Tuesday, May 7, 2013


I try really, really hard to remember how I felt as a beginning knitter trying to get into knitting from patterns.  Each new project seemed like it was full of new techniques to learn and puzzling instructions to try to de-code.  It really shouldn't be that hard for me to remember....I only knit for the first time in 2007.  But a lot has happened since that first lesson, and I really have immersed myself in it.  So, as much as I try to remember how I felt back then, I know it's easy to forget that feeling of everything seeming new, confusing & sometimes overwhelming.  And sometimes I receive a question through Ravelry or e-mail, or just have a conversation in person with another knitter, and it reminds me of how much I have forgotten about being a beginner.

I had just such a conversation this past weekend with a good friend of mine.  She's taking on her first adult sweater project and we were talking about swatching.  I think she generally makes either projects that don't require fit or goes with the "it'll fit someone" approach to knitting.  I don't get the impression that she routinely does swatches before she begins.  But after spending a good chunk of money on the materials for her sweater, not to mention the fact that if she's going to put in a number of hours to make it, she wants it to fit her properly, so she jumped on the swatching bandwagon and whipped up a couple swatches in different needle sizes to see what sort of gauge she was getting.

She had a lot of questions about swatching, and I'm sure she's not alone, so she inspired me to write down all the things we talked about as she went through the process, and a few things that occurred to me afterward.

Swatching Tip #1: Use the exact yarn & needles that you intend to use for the project.

I know, you may think that this goes without saying, but I mean use the exact yarn & needles.  If you are making a sweater out of composition book grey tosh sock yarn, don't swatch with whiskey barrel tosh sock yarn. This might seem crazy picky, but different colorways can actually soak up different amounts of dye, which can result in a difference in gauge.  Similarly, if you want to use your US Size 3 Addi Turbo needles for your project, don't swatch with your US Size 3 Knit Picks nickel-plated set.  These needles are super-similar, but they are not the same needle.  So don't make the mistake of swatching with one of them when you actually intend to use the other on the actual project.

Swatching Tip #2: Your gauge then is not necessarily your gauge now.  Swatch again.

I have heard the legend of the knitters who keep their swatches in some sort of organized storage system so if they want to make a project now from the same yarn & needles that they used on something last year, all they have to do is pull the swatch out of the box and remind themselves what their gauge is.  The problem is threefold (at least!)  First, are you sure you know exactly what needles you used to make that swatch a year ago?  Second, are you absolutely sure that the yarn is exactly the same as it was when you made that swatch?  As in, the batch that is currently being produced is identical in every way to the batch that was produced a year ago?  And third, are you sure that you knit with exactly the same tension now as you did a year ago?  I don't know about you, but my tension can vary for many reasons.  It might be tighter around Christmastime or at the end of the school year when my life is very busy, while it might be looser in the middle of the summer when my main job is being at home with my kids while they are on summer vacation, and our days are generally pretty laid-back.  It can vary day-to-day depending on whether I'm in a hurry to get a project finished, or if I'm watching a tense tv show, or if I'm enjoying a relaxing, long drive with my husband at the wheel.  There's no way I'd assume that my tension at this moment is identical to what it was one month ago, much less an entire  year ago.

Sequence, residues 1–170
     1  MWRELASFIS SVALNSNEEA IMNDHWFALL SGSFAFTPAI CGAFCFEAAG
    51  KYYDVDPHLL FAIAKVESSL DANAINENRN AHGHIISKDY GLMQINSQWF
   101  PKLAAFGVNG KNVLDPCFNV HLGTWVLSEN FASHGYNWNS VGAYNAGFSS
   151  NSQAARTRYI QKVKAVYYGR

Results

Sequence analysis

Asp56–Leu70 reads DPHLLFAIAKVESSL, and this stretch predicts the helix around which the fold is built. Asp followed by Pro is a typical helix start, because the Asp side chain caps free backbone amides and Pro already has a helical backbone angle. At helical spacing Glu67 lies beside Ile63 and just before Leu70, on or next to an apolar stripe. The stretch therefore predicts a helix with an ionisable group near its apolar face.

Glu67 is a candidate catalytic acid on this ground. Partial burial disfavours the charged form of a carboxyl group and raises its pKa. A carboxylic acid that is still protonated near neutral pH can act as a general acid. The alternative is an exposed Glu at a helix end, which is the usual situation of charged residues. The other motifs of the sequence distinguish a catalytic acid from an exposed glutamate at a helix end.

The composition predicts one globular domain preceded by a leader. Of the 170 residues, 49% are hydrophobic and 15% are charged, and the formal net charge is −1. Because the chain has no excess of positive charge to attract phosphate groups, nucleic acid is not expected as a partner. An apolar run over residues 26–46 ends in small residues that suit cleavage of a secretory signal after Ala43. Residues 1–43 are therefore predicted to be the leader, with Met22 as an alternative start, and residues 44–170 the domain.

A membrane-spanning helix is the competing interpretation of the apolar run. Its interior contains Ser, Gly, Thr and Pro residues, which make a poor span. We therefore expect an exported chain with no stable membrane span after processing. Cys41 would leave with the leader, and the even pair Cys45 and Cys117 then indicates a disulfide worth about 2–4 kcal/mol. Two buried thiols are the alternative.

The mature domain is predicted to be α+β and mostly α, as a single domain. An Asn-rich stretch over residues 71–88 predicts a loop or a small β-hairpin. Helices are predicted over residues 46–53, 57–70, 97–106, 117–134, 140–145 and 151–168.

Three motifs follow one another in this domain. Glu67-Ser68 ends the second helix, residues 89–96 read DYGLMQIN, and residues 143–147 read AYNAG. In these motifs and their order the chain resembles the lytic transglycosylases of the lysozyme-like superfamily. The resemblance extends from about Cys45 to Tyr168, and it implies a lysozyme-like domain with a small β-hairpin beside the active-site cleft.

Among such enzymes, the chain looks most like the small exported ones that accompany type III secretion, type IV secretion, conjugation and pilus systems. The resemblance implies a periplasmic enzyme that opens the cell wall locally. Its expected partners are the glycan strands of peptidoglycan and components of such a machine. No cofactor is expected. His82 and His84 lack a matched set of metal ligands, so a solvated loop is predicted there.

Swatching Tip #3: If you want to be able to wash the finished object and still have it fit, you must wash your swatch.

Many yarns relax when they are washed.  If you don't work your project based on blocked gauge, you're asking for your project to turn into a giant, oversized monstrosity once it's washed.

In the same vein, if you plan to steam-block your finished object, you need to steam-block your swatch.

If you are going to machine wash or dry the garment, do the same with the swatch.  Plan on hand washing?  Hand wash the swatch using the same soap & water temp that you'll use for your finished project.

Swatching Tip #4: Swatch with a consistent needle type.

If you are running through a few different needle sizes, you might have a little trouble getting a good reading on different gauges if you swatch with a metal needle for one size, then a bamboo needle for the second size, and an acrylic needle for a third size.  There's nothing wrong with using different types of needles, but the different materials may change your tension as much as the different sizes do.  So, for instance, your US #3 bamboo needle might give you larger stitches than your US #4 metal needle will.

Swatching Tip #5: You must swatch in the same way the project will be worked.